I would take the following steps:
Firstly, and perhaps most obviously, you may need to just buckle down and practice talking slowly. When you've got a whole lot of information in your brain and you feel the need to get it out, human speech can seem like a frustrating bottleneck. But you have to keep in mind that even if you talk fast, that doesn't mean people are able to process as fast as you can talk. And talking (in the workplace at least) serves no real purpose unless it's heard, and understood.
Secondly, Ask your coworkers for feedback. When they tell you you're talking too fast, stop and have a conversation, versus just letting them talk. Ask them what, specifically, would be helpful. They may simply say "talk slower" but if they're going as far as mimicking how you talk, they may be willing to think up some specific suggestions. Maybe they will suggest you put your thoughts in writing in an email, or something else. Whenever you get corrective feedback, it's always a good idea to ask for clarification if you feel the feedback is not easily actionable.
Thirdly, consider pausing before you speak and allowing yourself a second to collect your thoughts:
- What do I feel like I need to say?
- Why is this message important for my audience?
- How can I streamline my message to make it easy to understand?
I find this useful, personally, because I am sometimes accused of not just being a fast talker, but also of giving so much context and backstory that I lose my audience before I've even gotten to the point. Sometimes when I pause and think, I realize I can get my message across with a sentence instead of a paragraph. And, often, I've found that when people accuse someone of talking fast, they also mean that the person delivers too much info at once and it can't be processed. So, shortening what you say can be one way of addressing complaints of talking too fast.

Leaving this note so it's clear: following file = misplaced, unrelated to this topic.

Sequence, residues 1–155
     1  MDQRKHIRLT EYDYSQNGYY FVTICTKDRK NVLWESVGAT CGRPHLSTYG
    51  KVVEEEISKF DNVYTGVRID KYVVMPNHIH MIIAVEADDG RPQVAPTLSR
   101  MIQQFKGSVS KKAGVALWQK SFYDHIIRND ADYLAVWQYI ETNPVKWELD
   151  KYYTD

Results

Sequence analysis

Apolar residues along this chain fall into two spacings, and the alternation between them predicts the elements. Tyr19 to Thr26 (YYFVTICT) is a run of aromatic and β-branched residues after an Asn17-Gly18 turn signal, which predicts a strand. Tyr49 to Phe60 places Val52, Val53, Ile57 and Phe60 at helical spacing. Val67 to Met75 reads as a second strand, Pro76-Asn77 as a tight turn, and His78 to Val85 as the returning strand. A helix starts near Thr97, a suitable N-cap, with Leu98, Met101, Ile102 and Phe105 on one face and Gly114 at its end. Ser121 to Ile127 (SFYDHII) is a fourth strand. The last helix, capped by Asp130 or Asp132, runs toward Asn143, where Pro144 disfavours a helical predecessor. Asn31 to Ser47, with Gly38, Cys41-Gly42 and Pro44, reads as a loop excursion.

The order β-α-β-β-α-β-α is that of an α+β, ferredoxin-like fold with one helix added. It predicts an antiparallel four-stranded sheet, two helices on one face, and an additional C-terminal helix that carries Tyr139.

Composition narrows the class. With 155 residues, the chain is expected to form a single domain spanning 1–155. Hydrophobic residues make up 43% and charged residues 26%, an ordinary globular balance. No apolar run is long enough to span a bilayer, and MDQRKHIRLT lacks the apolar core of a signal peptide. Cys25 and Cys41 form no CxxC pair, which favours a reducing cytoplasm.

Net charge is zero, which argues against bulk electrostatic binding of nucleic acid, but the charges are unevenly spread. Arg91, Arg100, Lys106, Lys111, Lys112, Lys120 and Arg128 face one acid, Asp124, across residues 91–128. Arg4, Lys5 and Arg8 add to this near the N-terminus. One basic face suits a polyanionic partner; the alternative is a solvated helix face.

Finally, consider interacting with your audience, instead of just talking to them. Watch their facial expressions and non-verbal cues. But, importantly, make your message interactive. If you feel like you need to blurt out several paragraphs about an issue with the Jones project, compare these two approaches:
Hey Boss, I was working on that deployment issue with the Jones project and while it was compiling I looked at our issue tracker for some input on the bug and I saw that the ... (and so on, for two paragraphs, without pausing)
Hey Boss, are you up to speed with the Jones Project?
(pause, and let your boss respond).
I wanted to talk about the deployment issue, because I'm having a problem with X.
(pause again, and wait for acknowledgement).
When I tried X, it failed like this. Have you seen that failure before?
The key to this approach is breaking up your message into short sound bytes and actively soliciting at least an acknowledgement that the listener is following you. Or, even better, ask them something and wait for their response. This way, you can have more of a back-and-forth versus just hitting someone with a giant wall of text.